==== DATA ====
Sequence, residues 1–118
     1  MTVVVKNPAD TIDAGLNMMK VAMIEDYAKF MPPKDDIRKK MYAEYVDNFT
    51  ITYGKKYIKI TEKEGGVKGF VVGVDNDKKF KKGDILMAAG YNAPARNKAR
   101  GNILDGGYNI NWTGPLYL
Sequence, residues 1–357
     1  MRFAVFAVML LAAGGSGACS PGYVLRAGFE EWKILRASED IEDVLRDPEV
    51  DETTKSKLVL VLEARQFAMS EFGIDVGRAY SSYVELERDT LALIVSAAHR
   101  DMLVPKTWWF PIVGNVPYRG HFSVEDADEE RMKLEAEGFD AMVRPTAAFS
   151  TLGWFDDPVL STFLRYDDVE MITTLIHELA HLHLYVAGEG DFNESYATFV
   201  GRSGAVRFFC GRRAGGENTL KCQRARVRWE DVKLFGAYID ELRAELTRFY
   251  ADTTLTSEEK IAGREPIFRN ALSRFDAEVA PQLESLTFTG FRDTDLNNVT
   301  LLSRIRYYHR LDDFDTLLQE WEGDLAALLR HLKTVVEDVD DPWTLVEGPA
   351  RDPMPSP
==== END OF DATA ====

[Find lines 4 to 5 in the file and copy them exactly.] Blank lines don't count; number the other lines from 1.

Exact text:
   101  GNILDGGYNI NWTGPLYL
Sequence, residues 1–357